Chamomile tea has long been used, as a traditional folk remedy, for a wide range of health issues. Nowadays, researchers are increasingly exploring its effectiveness in managing illnesses, including cancer and diabetes. So far, research into the potency of chamomile tea has shown promise. However, studies vary with some research proving clear benefits compared to alternative remedies, and others merely pointing to possible ones. For most people, chamomile tea is safe to try as a supplement to other treatments, but it should not replace mainstream medical treatments when people have serious illnesses. Fast facts about chamomile tea: Dried chamomile flowers are used to make chamomile tea. Researchers are interested in the benefits of consuming chamomile tea. Similarly to any other herbal remedy, it is not safe for everyone. The more potent the tea, the more likely it is to offer health benefits. What is chamomile tea? Chamomile tea is a traditional folk remedy made from dried chamomile flowers. The potency of various chamomile teas varies, with some containing significantly more chamomile than others. The more potent teas are also more likely to cause side effects in people who are vulnerable to them. Consequently, it is safest to start with a low dosage and work up to larger doses slowly. Chamomile contains chemicals called flavonoids. These flavonoids are a type of nutrient present in many plants, and they play a significant role in chamomile’s medicinal effects. Researchers are not sure yet what other chemicals are present in chamomile specifically and account for its benefits. Benefits of chamomile tea The potential benefits of chamomile tea, for which there is the most evidence, include: 1. Reducing menstrual pain Several studies have linked chamomile tea to reduced severity of menstrual cramps. A 2010 study, for example, found that consuming chamomile tea for a month could reduce the pain of menstrual cramps. Women in the study also reported less anxiety and distress associated with period pain. 2. Treating diabetes and lowering blood sugar Again, some studies have found that chamomile tea can lower blood sugar in people with diabetes. Research does not show that chamomile is a viable substitute for diabetes medications, but it may be a helpful supplement to existing treatments. Similarly, a 2008 study of rats found that consistent consumption of chamomile tea might prevent blood sugar from increasing. This effect reduces the long-term risk of diabetes complications, suggesting that chamomile could improve diabetes outcomes. 3. Slowing or preventing osteoporosis Osteoporosis is the progressive loss of bone density. This loss increases the risk of broken bones and stooped posture. While anyone can develop osteoporosis, it is most common among post-menopausal women. This tendency may be due to the effects of estrogen. A 2004 studyTrusted Source found that chamomile tea might have anti-estrogenic effects. It also helped promote bone density, but the study’s authors caution that further research is needed to prove this apparent benefit. 4. Reducing inflammation Inflammation is an immune system reaction to fight infection. Chamomile tea contains chemical compounds that may reduce inflammationTrusted Source. However, long-term inflammation is linked to a wide range of health problems, including hemorrhoids, gastrointestinal pain, arthritis, autoimmune disorders, and even depression. 5. Cancer treatment and prevention Some studies suggest that chamomile tea may target cancer cells, or even prevent those cells from developing in the first place. However, research so far is inconclusive, and scientists say more work is needed to prove chamomile’s anti-cancer claims. Also, most research has looked at clinical models in animals, not humans. A 2012 studyTrusted Source compared the cancer-fighting powers of marigold and chamomile teas. Both were able to target cancer tumors selectively, but the effects of marigold tea were more potent. 6. Helping with sleep and relaxation Chamomile tea is widely thought to help people relax and fall asleep. Few clinical trials have tested this, however. In one review of the current evidence, 10 of 12 cardiovascular patientsTrusted Source are quoted as having fallen asleep shortly after consuming chamomile tea. A handful of other studies looking at clinical models also suggest that chamomile tea may help people relax. In a study using rats, chamomile extract helped sleep-disturbed rodents fall asleep. Many researchers believe that chamomile tea may function like a benzodiazepine. Benzodiazepines are prescription drugs that can reduce anxiety and induce sleep. Some research suggests that chamomile binds to benzodiazepine receptors. A review looking at the ability of chamomile tea to reduce anxietyTrusted Source is inconclusive. Some studies show a modest anti-anxiety benefit, but others do not. 7. Treating cold symptoms Anecdotal evidence and some studiesTrusted Source suggest that inhaling steam with chamomile extract can relieve some of the symptoms of the common cold. But this benefit is not proven yet. 8. Treatment for mild skin conditions A small 1987Trusted Source study found that applying chamomile extract directly to a wound assisted healing. Likewise, a few studiesTrusted Source have found that chamomile ointments may help with eczema and mild inflammatory skin conditions, although they are not as effective as hydrocortisone cream. Who should avoid chamomile tea? The following groups should avoid chamomile unless advised otherwise by a doctor: People with a history of severe allergies, particularly to pollens: Chamomile may be contaminated with pollen from other plants so can cause an allergic reaction. People who have previously had an allergic reaction, even mild, to chamomile products: They should avoid chamomile, as allergic reactions can get worse with time. Infants and very young children: Chamomile tea, similarly to honey and some other natural products, may be contaminated with botulism spores. Most healthy adults can fight off the infection, but infants may not be able to. Many doctors recommend infants and young children avoid honey, and they should also avoid chamomile products. It is also not safe to use chamomile as a substitute for proven medical treatments. If someone is taking any medications, they should ask their doctor about potential interactions with chamomile tea. Takeaway Chamomile tea has been used in folk medicine for thousands of years, often with encouraging results. For now, however, it remains a supplement and not a medication. People interested in trying chamomile tea should use it as a supplement to, and not a replacement for their usual medication regimen. In regular doses, such as 1 to 2 cups a day, it is possible to see incremental health improvements.
Artemisia absinthium L., commonly known as wormwood, is a perennial shrub from the Asteraceae family of plants. It has deeply lobed, grayish-green leaves and small yellow flowers that bloom in July and August. It is an aromatic plant with a potent sage odor and bitter taste. Herbalists and manufacturers use wormwood leaves and smaller stems to make medicines. There are many artemisia species, but people often use Artemisia absinthium L. and Artemisia annua L., or sweet wormwood, for medicinal purposes. Chemical properties Historically, people have used wormwood to treat a wide range of ailments. According to a 2020 article, wormwood’s confirmed biological activities include: stimulating digestion and appetite being antiparasitic inhibiting the growth of protozoan infection having antibacterial properties being antifungal being anti-ulcer preventing damage to the liver being anti-inflammatory having antioxidants stimulating the immune system having the ability to damage cancer cells being a pain reliever protecting nerve cells against damage being an antidepressant reducing mental confusion stabilizing cell membranes Wormwood has numerous compounds responsible for its biological activities, including: essential oils bitter sesquiterpene lactones absinthin isomers bitter compounds, such as artemisinin phenolic acids flavonoids coumarins The most well-known active ingredient in wormwood is thujone. Wormwood contains two types of thujone called alpha thujone and beta thujone. The alpha form is more toxic than the beta form. Animal research investigating wormwood’s neurotoxicity shows that alpha thujone could cause convulsions and death at higher doses. Potential benefits and uses of wormwood Wormwood has the following potential uses and benefits: Absinthe drink Wormwood is the active component in the alcoholic drink absinthe. The U.S. government banned absinthe in 1912 because it believed it was hallucinogenic. Since 2007, retailers can sell the beverage, provided its thujone level is below 10 parts per million, which they label as thujone-free. Additionally, the Food and Drug Administration (FDA) allows manufacturers to use wormwood as a food additive, provided it has no thujone content. Treating parasites and digestive disorders People in Asia and Europe used wormwood traditionally for treating gastrointestinal disorders and expelling worms and parasites. Today, herbalists use wormwood to improve digestion and hypoacidity or lack of appetite. A 2018 review explains that the bitter compounds in wormwood can stimulate gastric juices and bile and improve blood flow in the digestive system. It also suggests that the herb can force out parasitic organisms and act against several pathogens. Treating inflammatory conditions and immune disorders A 2017 studyTrusted Source indicates that topical treatment with wormwood is comparable to piroxicam gel for knee osteoarthritis. Study participants had no pain after 2 weeks of treatment with wormwood ointment. Another animal study found that wormwood has significant pain-relieving and anti-inflammatory effects due to its flavonoids. According to a 2017 reviewTrusted Source, studies indicate that wormwood may also be beneficial for treating inflammation associated with Crohn’s disease. Furthermore, wormwood may inhibit the growth of human breast cancer cells. Scientists have also examined wormwood’s effects on the immune system and cells, and they suggest it may be effective for treating immune disorders, intracellular viruses, and bacterial infections. Treating tuberculosis In 2019, researchers investigated wormwood’s effects on tuberculosis (TB) in animals. The authors found that extracts may be effective against mycobacterial infections that cause TB and are not toxic to animals. Offering antidepressant and brain-protective effects A 2020 review indicates that wormwood supports the formation of the body’s antioxidant glutathione and is protective of the brain. It notes that animal studies suggest wormwood has an antidepressant effect and may increase serotonin. Another review suggests that wormwood may benefit those with neurological diseases, such as Alzheimer’s or Parkinson’s, and may have properties that reduce confusion, delirium, and disorientation. However, researchers need to conduct more human research to confirm these effects. Balancing blood sugar Research suggests that wormwood may be beneficial for balancing blood sugar and insulin. Additionally, some research suggests that wormwood may prevent the accumulation of lipids in the blood and reduce blood sugar levels in people with type 2 diabetes and hyperlipidemia. Risks and cautions Studies indicate that thujone in wormwood may cross the blood-brain barrier and affect the nervous system. In animal experiments, thujone causes convulsions and affects fertility. Studies warn that people should avoid it during pregnancy. According to a 2021 review, wormwood may cause allergic reactions, including rhinitis and dermatitis, through contact with the skin, digestion in tea, or pollen. However, another reviewTrusted Source suggests that wormwood is only toxic when used long term, and short-term use shows low toxicity. If a person has a health condition or takes medication, they should speak with a healthcare professional before consuming wormwood products. People should not take wormwood during pregnancy. Dosage and how to use There is no expert advice about wormwood dosages, and the FDA prohibits its active ingredient, thujone. People can take wormwood as a liquid tincture, tablet, or dried herb. It is also available as a tea and an ingredient in absinthe. A person should speak with a healthcare professional before taking wormwood, particularly if they have a health condition or are taking medication. Summary Wormwood has a long history of traditional use, and scientists today are interested in investigating its potential. Its herbal properties are wide-ranging, and its potential clinical benefits include supporting digestion and expelling parasites. It may also be beneficial for inflammatory or immune conditions. However, its active ingredient, thujone, is toxic, and there is no guidance on how much is safe to use. Additionally, the FDA prohibits thujone in foods and beverages, so people must seek medical advice before taking wormwood.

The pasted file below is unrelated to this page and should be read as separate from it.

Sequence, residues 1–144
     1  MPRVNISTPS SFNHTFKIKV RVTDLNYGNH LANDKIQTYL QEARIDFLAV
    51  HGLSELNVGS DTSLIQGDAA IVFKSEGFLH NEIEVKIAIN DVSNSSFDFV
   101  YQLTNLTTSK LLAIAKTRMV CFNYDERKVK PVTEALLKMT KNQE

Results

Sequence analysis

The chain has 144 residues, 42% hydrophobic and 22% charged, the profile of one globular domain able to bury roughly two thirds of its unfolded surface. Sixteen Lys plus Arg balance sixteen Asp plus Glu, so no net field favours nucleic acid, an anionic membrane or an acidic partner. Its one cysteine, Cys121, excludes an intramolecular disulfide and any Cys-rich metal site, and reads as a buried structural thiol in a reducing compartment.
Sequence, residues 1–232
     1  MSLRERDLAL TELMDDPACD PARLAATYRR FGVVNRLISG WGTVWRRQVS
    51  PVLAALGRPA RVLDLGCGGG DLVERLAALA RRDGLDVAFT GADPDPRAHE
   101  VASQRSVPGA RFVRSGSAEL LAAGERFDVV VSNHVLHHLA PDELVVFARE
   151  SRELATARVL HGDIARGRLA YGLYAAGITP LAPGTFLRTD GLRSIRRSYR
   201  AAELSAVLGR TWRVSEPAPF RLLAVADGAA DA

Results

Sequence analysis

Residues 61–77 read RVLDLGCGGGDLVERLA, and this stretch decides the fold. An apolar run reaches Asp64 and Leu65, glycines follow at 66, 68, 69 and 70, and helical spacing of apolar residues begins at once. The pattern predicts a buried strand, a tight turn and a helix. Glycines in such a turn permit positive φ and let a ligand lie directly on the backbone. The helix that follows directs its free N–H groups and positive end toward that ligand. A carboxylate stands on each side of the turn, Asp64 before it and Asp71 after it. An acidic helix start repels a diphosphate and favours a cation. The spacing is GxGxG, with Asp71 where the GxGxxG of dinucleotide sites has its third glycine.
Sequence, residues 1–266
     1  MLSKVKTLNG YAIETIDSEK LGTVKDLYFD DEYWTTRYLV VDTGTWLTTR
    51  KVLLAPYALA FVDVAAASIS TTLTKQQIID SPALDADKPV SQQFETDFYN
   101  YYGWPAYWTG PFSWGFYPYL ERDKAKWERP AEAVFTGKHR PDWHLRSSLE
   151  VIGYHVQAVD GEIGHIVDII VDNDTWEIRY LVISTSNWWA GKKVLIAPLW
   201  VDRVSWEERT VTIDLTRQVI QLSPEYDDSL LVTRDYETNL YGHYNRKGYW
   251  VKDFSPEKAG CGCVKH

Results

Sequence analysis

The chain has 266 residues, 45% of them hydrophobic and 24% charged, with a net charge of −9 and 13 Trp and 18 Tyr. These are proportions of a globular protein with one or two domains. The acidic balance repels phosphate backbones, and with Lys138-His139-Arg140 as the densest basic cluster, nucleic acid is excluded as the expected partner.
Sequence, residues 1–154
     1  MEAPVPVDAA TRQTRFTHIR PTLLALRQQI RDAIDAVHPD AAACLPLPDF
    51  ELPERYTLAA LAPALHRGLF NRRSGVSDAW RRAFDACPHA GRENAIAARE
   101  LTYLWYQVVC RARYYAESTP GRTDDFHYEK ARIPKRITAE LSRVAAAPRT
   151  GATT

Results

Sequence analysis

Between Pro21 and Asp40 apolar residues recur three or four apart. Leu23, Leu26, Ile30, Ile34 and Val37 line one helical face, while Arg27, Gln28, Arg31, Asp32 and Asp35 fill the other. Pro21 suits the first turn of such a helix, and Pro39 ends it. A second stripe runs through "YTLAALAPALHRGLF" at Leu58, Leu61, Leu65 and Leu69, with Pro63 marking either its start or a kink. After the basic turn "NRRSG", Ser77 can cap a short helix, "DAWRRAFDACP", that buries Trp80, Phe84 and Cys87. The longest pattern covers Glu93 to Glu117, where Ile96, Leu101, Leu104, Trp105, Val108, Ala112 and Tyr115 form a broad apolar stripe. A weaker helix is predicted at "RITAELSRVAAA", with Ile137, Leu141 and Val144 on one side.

Lemon balm may be a common-or-garden plant, but it's also a valuable source of essential oil, writes ethnobotanist Susanne Masters I'm helping to revive and replant the ethnobotanical garden at the University of Kent. One of our tasks is to revamp the garden's plant catalogue to make it interactive, as well as more useful for a range of disciplines. One of the plants in the catalogue - lemon balm - stands outs as an ideal plant for people to engage with and learn about. One plant of lemon balm in a garden quickly turns into many, as it self-seeds readily in flowerbeds or even gaps between paving. It is a common but underappreciated garden plant, possibly because it is easy to grow - it is tolerant of a range of conditions, including drought, and isn't affected by many pests and diseases. Lemon balm has a scientific name - Melissa officinalis - that came to life with bees. Blooming plants attract scores of bees, which feed on the tiny white flowers, and the genus name Melissa is derived from the Greek word for bee. It has square stems and leaves in pairs, which are characteristic of the Lamiaceae (mint) plant family. These are easy features to look for without any equipment, making it a simple plant for botanical beginners to get to grips with. Lemon balm exudes a strong lemon scent when the leaves and stems are crushed, and this is a readily detectable feature for initiating discussion of phytochemistry: investigating compounds made by plants, what their function is in plants, and how they can be useful to people. Best of all, even a small scrap of stalk will readily root in a glass of water, making it a plant for garden visitors to take home and grow on a windowsill or in their own garden. Lemon balm produces an essential oil that is one of the most expensive to buy; production costs are high because yields are low. Although the lemon scent can be replicated using cheaper citrus and lemongrass essential oils, pure lemon balm essential oil is valued for its properties in aromatherapy where it is considered to be uplifting and calming, and in skincare as an anti-inflammatory. Lemon balm is one of those plants with a long history of medicinal use. Small laboratory trials report antiviral, antioxidant and calmative properties. But the results are not good enough to turn it into a prescribed medication. Some folk remedies may never be wonder drugs. Perhaps lemon balm is best appreciated on a sunny morning as a cup of tea in hand while watching and listening to bees on its flowers, or at dusk with a few stems crushed underfoot to keep mosquitos at bay and a glass of lemon balm wine. Below, courtesy of Pauline Pearce from the National Guild of Wine and Beer Judges, who has won many awards with this particular recipe. Lemon balm wine (ingredients for 1 gallon) Advertisement 2 quarts lemon balm 2 large oranges large (juice and rind) 1lb sultanas 1 lemon (juice and rind) 1kg sugar 1 tsp nutrient 1 tsp tartaric 1 tsp pectic enzyme Gervin or any general purpose wine yeast Campden tablets Strip the leaves from the stalks (discard the stalks) then wash leaves in cold water. Drain and put into a clean container and pour over 4 pints of boiling water, add one Campden tablet, stir, cover and leave for 48 hours. Strain the liquor from the leaves (discard theleaves) into a sterilized bin, add rind (no pith) and juice of the oranges and lemon, the washed and chopped sultanas, acids, pectic enzyme, nutrient and yeast. Ferment on the pulp for four days, stirring twice daily, keep well covered. Strain into jar, add sugar and stir, top up to shoulder with cold boiled water, fit air-lock and leave to ferment out. Rack in the usual way. This wine can either be served dry as an aperitif, or sweeten to taste and drink as a social type wine. Can be drunk within three months but improves with keeping for a further three months. Susanne Masters is an ethnobotanist who writes for a number of magazines, and is doing PhD research on edible wild orchids in Turkey. This is the latest in a series of posts about the redevelopment of the ethnobotanical garden at the University of Kent. … we have a small favour to ask. Millions are turning to the Guardian for open, independent, quality news every day, and readers in 180 countries around the world now support us financially. We believe everyone deserves access to information that’s grounded in science and truth, and analysis rooted in authority and integrity. That’s why we made a different choice: to keep our reporting open for all readers, regardless of where they live or what they can afford to pay. 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